I made a Main.js with these contents:

// module Main

exports.keydownP = function (constant) {
  var out = constant(0);

  window.addEventListener('keydown', function (e) {
    out.set(e.keyCode);
  });

  return function () {
    return out;
  }
}

And, just for reminder, this is how I imported and used it in my PureScript code:

foreign import keydownP :: forall e c. (c -> Signal c) -> Eff (dom :: DOM | e) (Signal Int)

keydown :: forall e. Eff (dom :: DOM | e) (Signal Int)
keydown = keydownP constant

So this foreign function takes an argument for a function that takes a value and will return a signal of that type, and then it will return a Signal of Int. Then I call it with Signal.constant (which has the signature that matches the argument of the foreign function) and get back a signal of integers.

The JS side uses the JS Signals that come from the FFI that is in purescript-signal. It's basically an Rx Subject, where you can push values in as you want.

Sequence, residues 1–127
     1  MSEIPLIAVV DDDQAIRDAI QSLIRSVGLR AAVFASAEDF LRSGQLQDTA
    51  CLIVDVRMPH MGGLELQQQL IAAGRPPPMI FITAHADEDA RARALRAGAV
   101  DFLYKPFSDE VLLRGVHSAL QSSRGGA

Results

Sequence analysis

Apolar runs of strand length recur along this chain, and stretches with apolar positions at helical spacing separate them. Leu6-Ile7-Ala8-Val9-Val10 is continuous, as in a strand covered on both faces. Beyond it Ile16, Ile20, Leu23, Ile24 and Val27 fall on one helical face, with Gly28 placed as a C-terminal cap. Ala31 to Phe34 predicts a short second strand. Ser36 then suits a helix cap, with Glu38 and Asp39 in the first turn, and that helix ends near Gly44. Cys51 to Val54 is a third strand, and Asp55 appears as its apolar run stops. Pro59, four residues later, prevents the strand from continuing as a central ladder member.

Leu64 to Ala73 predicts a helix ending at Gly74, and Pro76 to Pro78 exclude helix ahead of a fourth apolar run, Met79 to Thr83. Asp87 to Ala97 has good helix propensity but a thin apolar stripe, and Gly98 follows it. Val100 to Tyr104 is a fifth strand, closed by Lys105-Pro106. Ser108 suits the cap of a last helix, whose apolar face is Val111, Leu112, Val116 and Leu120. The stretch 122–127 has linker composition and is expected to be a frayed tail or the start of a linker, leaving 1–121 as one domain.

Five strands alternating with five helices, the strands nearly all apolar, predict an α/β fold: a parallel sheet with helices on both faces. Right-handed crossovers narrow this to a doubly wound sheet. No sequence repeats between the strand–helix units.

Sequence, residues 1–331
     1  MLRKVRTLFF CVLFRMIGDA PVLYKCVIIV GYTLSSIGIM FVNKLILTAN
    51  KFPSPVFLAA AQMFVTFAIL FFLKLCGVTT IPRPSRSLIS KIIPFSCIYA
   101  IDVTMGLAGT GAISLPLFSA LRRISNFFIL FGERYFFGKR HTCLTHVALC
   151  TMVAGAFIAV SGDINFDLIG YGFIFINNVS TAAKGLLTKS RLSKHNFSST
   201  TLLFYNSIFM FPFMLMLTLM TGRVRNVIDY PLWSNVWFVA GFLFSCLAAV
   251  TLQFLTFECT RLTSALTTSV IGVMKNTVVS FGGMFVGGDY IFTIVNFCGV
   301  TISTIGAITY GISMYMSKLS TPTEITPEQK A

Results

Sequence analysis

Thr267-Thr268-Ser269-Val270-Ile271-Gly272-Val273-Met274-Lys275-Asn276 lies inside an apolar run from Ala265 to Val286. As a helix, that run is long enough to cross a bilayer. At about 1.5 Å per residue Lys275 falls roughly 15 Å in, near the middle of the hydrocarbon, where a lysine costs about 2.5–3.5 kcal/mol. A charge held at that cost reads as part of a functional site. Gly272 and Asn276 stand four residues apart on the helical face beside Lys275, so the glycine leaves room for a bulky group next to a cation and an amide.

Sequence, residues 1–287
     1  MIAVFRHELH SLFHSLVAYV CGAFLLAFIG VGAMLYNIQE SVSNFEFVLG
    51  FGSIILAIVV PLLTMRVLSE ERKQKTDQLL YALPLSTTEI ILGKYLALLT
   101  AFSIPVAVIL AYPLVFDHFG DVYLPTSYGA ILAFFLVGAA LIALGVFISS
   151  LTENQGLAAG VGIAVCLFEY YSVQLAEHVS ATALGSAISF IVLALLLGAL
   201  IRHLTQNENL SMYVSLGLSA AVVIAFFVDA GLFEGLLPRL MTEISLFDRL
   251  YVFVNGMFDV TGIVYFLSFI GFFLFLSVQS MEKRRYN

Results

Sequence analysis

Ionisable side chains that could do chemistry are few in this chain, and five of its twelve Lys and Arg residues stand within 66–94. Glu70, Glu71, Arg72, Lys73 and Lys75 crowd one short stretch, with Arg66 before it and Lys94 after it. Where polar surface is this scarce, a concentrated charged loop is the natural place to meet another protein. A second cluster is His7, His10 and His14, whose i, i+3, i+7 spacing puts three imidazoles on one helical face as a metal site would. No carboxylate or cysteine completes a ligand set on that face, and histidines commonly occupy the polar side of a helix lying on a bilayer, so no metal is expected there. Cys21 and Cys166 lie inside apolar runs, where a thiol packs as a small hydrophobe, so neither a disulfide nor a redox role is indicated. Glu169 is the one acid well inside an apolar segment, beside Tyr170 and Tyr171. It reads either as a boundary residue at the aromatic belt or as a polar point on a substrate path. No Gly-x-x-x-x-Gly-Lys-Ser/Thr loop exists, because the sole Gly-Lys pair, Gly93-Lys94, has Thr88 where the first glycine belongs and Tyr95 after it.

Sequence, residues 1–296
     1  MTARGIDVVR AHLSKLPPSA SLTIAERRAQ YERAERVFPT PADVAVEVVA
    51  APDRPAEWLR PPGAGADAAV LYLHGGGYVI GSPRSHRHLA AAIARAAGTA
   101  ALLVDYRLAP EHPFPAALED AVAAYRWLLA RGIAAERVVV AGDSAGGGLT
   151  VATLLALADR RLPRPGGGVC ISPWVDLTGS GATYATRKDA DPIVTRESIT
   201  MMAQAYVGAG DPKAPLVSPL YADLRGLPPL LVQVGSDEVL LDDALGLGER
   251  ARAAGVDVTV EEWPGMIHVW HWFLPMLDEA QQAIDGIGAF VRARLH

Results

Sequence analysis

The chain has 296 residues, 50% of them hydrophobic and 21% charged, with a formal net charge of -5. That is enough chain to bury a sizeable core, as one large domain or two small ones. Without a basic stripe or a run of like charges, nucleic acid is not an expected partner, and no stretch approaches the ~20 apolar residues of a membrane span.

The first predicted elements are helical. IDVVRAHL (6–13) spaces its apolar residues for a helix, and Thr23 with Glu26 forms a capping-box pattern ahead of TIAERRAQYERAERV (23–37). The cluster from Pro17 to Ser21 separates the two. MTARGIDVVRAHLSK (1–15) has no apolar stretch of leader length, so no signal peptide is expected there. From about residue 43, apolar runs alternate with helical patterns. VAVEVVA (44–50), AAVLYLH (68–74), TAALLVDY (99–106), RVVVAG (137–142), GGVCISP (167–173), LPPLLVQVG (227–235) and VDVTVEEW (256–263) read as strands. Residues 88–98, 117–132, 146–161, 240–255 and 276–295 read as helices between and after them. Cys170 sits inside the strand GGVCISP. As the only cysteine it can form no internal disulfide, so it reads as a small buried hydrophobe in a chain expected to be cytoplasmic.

Conclusion

So this has been a whirlwind tour of what all was involved in making my Etch-Sketch demo. Hopefully it has demonstrated that most of this code is very legible, and not very hard to understand. And even better, the compiler will make sure that there are no mistakes like type mismatches. This prevents pretty much all runtime exceptions and ensures that the code that compiles will actually work.

Let me know on Twitter if this was at all helpful or just a pile of crap. Just about any feedback is welcome! (You can even tell me you'll just use FlowType, and I will just frown but be happy for you)

(I'll also write an Elm version of this article in a week or so)

"References"